Krizsan: Patterns of women's movement state engagement key to gender equality sensitive policies
A new book by CPS Research Fellow and SPP Adjunct Faculty Andrea Krizsan, The Gender Politics of Domestic Violence. Feminist Engaging the State in Central and Eastern Europe , is published by Routledge.
Co-authors Krizsán and Roggeband (University of Amsterdam) look into what explains the emergence of women’s rights friendly domestic violence policy reforms in some countries in the Central and Eastern European region and their absence in others. They do so by tracing policy developments in five countries - Bulgaria, Croatia, Hungary, Poland and Romania - across almost fifteen years of change, from the beginning of the 2000s, when domestic violence first emerged on the policy agenda of these countries until recent times. Authors look into contestation that takes place between women’s movements, states and actors opposing gender equality. They point to specific patterns of feminist engagement with states in which coalition-building between women’s organizations and establishing lasting alliances with critical state actors were fundamental for achieving gendered policy progress. They also demonstrate how discursive contexts shaped by democratization frames and opposition to gender equality, led to differences in the politicization of gender equality, making gender friendly reforms more feasible in some countries than others. The book focuses primarily on years of gender policy progress in countries of the the Central and Eastern European region. Yet the analysis also captures and provides avenues for understanding emergent patterns of democratic and gender policy backsliding increasingly present in Hungary, Croatia and Poland in most recent years.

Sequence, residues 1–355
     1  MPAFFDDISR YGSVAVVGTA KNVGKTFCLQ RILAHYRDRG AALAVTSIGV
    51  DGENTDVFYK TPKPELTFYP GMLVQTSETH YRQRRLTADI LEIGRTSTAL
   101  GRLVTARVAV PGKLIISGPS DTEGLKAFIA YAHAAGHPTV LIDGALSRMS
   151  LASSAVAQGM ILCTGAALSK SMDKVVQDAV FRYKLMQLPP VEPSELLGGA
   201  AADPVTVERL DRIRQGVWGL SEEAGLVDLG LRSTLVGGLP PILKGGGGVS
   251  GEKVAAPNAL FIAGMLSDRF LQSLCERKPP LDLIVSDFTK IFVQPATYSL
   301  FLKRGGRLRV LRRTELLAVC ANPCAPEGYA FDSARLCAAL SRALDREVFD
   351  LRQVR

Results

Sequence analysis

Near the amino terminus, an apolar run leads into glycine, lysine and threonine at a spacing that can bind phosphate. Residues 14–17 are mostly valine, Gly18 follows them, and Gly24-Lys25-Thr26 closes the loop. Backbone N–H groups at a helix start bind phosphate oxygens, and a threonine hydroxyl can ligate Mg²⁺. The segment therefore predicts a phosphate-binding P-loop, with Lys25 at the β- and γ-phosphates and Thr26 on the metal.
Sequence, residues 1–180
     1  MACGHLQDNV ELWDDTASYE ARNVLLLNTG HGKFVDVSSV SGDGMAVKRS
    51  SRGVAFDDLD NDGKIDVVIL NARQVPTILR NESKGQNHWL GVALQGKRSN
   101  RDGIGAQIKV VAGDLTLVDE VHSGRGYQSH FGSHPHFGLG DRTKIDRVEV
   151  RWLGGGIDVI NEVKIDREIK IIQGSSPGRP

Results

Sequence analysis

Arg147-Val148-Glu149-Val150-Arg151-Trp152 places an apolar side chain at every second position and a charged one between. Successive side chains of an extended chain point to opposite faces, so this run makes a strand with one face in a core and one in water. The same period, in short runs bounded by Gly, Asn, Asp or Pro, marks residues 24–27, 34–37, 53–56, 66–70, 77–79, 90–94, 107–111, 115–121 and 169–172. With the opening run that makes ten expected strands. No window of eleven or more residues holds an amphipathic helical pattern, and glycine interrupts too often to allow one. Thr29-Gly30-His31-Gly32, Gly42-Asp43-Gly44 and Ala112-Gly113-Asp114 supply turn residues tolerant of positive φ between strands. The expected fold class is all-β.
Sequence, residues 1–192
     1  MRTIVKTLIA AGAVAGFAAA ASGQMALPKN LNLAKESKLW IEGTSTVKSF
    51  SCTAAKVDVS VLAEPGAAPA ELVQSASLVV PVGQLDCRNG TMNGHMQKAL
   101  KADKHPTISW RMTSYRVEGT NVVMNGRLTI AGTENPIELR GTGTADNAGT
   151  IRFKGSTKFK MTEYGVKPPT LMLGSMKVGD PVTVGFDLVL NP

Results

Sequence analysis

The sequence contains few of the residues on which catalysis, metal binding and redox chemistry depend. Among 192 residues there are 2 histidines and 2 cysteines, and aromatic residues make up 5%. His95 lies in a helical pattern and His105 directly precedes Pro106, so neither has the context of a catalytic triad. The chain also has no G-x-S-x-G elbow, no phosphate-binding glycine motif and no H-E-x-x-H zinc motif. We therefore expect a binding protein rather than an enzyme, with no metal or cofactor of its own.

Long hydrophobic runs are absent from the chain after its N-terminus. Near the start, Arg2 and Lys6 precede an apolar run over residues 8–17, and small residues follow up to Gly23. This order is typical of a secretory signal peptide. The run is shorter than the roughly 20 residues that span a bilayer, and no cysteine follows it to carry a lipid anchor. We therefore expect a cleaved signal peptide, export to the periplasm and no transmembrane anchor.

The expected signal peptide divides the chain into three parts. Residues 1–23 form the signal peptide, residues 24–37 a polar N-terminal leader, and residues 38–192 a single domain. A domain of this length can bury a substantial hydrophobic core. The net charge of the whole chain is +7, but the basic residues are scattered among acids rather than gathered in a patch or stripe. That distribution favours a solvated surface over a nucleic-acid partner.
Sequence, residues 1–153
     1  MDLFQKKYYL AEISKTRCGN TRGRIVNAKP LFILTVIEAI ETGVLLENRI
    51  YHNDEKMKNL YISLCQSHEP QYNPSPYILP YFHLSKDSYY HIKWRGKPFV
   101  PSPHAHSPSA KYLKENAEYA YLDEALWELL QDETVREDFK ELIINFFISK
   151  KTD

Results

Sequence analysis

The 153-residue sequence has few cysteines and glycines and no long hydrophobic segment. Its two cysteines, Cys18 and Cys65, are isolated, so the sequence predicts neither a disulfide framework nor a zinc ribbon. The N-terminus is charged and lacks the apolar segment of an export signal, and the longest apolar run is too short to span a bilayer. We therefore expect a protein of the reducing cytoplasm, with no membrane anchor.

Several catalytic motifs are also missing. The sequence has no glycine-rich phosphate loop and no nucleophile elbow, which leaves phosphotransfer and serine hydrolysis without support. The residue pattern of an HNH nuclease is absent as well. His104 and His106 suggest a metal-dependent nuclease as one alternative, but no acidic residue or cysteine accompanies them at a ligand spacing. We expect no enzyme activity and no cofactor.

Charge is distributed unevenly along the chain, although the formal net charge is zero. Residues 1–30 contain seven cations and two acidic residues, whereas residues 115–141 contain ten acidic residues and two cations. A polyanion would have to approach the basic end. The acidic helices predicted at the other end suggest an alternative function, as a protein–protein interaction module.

Andrea Krizsan, Conny Roggeband (2017) The Gender Politics of Domestic Violence. Feminists Engaging the State in Central and Eastern Europe. New York: Routledge